There is a tremendous amount of ground to cover in History of Design that, combined with its long list of authors, no doubt led to the decision to begin immediately in China, circa 1400. For the sake of a narrative that students can quickly enter without being bogged down by questions of method and historiography, this is positive. Given the book’s role as a tool in a still-nascent field and its global view, a more extended introduction of the terms “design,” “decorative arts,” and “applied arts” may be a necessary supplement for teaching. Historicizing the process by which the fine arts were separated out from the rest of material culture would not only help readers better understand the objects discussed but also the question of what is and is not included—particularly as they encounter the necessary but at times confusing appearance of material that may seem more comfortable in the history of architecture, fashion, landscape, or even art (however we wish to differentiate or deny the category). This would also help highlight the particularity of questions demanded by late nineteenth- and twentieth-century objects by figures such as Le Corbusier or Philippe Starck falling under “design”—and the emergence of their flipside, a return to “craft”—that are in many senses qualitatively different in conception than those that had come before.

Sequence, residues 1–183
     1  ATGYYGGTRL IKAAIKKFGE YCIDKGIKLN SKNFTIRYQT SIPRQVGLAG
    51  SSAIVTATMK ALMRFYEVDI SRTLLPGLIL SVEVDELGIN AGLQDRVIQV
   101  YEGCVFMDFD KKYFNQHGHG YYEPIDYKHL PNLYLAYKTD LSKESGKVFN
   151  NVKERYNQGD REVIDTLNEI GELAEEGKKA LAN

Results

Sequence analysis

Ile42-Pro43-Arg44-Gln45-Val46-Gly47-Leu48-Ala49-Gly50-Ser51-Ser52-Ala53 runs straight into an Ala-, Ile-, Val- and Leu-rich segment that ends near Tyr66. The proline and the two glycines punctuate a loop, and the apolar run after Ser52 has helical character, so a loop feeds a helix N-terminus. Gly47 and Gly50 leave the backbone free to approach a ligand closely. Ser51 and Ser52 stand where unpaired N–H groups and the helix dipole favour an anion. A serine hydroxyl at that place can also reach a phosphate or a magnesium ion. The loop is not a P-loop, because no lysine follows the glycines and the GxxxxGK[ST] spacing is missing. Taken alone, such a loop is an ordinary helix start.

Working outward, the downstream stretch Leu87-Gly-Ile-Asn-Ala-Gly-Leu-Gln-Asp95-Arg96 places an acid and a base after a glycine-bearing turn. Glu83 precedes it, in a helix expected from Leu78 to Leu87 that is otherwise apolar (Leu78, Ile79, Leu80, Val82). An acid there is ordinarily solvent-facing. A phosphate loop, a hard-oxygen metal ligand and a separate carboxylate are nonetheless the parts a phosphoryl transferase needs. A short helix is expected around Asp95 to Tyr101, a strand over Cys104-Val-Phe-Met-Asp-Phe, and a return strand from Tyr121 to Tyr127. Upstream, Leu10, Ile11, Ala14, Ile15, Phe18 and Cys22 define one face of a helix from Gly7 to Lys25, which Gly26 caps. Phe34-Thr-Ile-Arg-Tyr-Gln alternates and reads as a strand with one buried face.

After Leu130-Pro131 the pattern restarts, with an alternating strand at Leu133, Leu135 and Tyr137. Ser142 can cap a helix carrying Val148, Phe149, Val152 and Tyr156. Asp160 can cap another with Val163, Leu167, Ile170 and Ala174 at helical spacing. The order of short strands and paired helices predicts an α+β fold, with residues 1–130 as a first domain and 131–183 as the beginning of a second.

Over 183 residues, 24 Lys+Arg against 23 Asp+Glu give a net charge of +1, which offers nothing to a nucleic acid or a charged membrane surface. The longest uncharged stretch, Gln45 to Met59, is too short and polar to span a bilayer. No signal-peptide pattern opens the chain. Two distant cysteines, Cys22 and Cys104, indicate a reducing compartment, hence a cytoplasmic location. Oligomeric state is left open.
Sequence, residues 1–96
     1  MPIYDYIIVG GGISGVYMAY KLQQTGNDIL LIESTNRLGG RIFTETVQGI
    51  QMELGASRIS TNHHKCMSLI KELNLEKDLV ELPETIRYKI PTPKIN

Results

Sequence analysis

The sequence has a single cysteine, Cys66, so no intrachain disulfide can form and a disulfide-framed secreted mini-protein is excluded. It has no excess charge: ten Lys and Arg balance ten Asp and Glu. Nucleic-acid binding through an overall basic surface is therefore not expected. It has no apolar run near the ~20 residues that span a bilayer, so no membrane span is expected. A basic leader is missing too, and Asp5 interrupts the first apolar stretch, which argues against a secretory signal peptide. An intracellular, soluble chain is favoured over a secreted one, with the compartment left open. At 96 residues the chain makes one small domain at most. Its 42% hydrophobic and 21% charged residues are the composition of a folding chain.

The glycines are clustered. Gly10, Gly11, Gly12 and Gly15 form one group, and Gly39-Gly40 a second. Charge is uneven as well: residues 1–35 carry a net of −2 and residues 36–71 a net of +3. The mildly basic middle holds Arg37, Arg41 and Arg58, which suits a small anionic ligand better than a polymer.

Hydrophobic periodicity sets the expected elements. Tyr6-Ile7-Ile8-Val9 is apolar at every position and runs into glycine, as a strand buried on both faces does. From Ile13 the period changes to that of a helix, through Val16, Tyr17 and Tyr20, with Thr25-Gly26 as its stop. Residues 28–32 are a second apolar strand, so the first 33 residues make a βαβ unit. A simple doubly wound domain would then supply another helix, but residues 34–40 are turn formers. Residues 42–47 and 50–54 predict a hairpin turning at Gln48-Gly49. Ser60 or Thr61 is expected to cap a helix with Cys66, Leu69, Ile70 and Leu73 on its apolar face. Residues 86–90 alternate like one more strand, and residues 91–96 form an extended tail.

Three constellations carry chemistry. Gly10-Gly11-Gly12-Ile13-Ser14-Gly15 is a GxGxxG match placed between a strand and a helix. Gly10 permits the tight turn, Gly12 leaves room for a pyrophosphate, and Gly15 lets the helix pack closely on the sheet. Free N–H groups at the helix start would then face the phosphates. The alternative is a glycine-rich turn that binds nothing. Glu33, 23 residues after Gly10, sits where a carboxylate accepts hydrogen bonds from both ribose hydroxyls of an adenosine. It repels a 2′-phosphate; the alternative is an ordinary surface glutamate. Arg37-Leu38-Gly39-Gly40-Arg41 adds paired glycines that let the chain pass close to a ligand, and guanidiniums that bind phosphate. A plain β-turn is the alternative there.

The most obvious contribution of History of Design is as a tool for survey courses introducing decorative arts and material culture with a global view that provides the necessary organization and condensation of information that only a large, well-orchestrated team could realize. For those who use this book as such a tool there is tremendous potential, however, not simply to impart information about a different body of visual material than is typically taught, but also to use that material in order to reflect back on the categories traditionally sustained by the history of art and architecture. In the end, beyond learning about the individual makers or products of a region in a specific period as given context, it is the broader shift in how visual material is categorized for study in undergraduate and graduate education that a textbook such as this might ideally effect.

David Pullins
PhD candidate, Department of History of Art and Architecture, Harvard University

David Pullins
Associate Curator, Department of European Painting, The Metropolitan Museum of Art